The Islamic gardens in Granada, Spain’s Generalife are legendary. “The best”…“most important”… “Moorish grandeur”…“most conserved”…”the greatest architectural wonder”… are just a few of the superlatives thrown at this garden and building complex. It was high on my bucket list of places to visit, and perhaps it’s on yours.
Elizabeth Barlow Rogers explains its history well in her book, Landscape Design:
“Around 1250, Muhammad Ibn Ben Ahmar, the founder of the Nasrid dynasty, who took possession of Granada in 1238, climbed to the top of a bare red escarpment … and laid claim to a site for his palace… Here he ordered the construction of an aqueduct, the water from which has made possible the gardens…ever since.”
Many gardens make up the Generalife. One element unites them all – water. Water enters in an un-named section of the garden, at the highest point of the Generalife, and gently winds its way through the Water Stairway, the Acequia garden, lower gardens, a vegetable garden, and then into the neighboring Alhambra complex that incudes the Partal garden, the world famous Court of Myrtles, the Patio of the Lions, and Daraxa’s garden. Ultimately, excess water pours out of several release pipes back into the Darro River.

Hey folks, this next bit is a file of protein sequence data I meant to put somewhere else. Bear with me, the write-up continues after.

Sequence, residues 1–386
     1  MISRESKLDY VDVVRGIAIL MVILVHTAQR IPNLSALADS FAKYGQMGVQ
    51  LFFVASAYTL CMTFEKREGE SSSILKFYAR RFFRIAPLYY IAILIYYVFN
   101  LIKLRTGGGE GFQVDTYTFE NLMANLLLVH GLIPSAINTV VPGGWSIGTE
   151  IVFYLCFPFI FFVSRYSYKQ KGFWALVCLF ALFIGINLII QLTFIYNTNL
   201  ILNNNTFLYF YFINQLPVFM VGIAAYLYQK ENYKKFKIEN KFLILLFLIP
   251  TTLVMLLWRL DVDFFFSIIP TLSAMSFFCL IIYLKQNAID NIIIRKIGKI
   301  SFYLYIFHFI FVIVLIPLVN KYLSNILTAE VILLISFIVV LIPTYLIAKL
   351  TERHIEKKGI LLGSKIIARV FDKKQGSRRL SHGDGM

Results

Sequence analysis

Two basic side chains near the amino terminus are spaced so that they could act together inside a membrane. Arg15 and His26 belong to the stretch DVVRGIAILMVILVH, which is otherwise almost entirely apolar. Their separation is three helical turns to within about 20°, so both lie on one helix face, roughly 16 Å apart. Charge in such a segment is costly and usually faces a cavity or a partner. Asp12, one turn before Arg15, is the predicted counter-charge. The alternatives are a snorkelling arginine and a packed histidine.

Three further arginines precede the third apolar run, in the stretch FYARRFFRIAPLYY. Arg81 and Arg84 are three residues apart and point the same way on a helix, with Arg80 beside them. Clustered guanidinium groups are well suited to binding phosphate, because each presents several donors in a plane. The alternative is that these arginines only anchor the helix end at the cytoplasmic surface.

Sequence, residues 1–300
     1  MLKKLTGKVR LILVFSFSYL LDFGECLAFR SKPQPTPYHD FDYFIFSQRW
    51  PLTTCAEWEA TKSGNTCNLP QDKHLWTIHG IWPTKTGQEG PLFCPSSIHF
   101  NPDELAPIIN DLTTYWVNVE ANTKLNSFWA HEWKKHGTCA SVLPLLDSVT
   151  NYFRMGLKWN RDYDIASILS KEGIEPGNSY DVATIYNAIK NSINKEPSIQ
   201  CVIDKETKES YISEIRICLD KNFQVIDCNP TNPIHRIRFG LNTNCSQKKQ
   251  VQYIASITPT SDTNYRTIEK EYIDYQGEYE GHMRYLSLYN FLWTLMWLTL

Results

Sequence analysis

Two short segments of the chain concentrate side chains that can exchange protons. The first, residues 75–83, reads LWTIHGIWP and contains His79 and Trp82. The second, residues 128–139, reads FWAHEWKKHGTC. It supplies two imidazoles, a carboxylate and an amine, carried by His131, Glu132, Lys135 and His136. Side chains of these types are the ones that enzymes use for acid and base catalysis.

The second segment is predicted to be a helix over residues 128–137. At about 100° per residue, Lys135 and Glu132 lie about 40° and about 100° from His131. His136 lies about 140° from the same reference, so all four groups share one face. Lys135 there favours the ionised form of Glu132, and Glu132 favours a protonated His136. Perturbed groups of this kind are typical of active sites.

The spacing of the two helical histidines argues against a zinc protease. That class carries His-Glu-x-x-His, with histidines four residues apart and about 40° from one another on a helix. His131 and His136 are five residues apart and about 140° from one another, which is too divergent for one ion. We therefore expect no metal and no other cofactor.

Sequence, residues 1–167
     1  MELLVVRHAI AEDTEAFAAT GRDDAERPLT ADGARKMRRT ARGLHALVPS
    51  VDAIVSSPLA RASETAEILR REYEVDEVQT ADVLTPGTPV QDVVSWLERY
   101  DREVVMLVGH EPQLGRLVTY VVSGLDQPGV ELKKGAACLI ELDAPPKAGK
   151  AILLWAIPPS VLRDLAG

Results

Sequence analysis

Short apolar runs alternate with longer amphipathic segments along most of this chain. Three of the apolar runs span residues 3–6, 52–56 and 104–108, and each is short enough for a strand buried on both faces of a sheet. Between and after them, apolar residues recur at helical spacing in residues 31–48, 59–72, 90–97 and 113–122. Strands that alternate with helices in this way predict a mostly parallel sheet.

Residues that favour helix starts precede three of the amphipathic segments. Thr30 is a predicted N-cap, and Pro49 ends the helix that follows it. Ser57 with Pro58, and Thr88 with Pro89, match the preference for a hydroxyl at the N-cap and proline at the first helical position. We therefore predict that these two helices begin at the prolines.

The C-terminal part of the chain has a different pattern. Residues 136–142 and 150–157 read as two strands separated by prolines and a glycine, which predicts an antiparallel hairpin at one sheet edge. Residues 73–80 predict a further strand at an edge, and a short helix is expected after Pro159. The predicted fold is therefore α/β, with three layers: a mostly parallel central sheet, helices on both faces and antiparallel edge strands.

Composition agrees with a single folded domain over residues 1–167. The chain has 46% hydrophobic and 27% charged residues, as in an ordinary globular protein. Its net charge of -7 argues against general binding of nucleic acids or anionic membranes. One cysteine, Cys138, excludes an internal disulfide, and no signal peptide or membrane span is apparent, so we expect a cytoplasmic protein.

Moorish engineers enhanced Roman aqueducts to bring water from the Darro River. At its entry point the volume and speed of the water are awesome. Mostly covered, there are occasional open sections of barely controlled rushing water. By the time it reaches the tourist filled gardens below, it is completely tamed, intentional, and gentle.
I appreciated this garden for its wildness and isolation – a welcome break from the formality and geometry of the other gardens.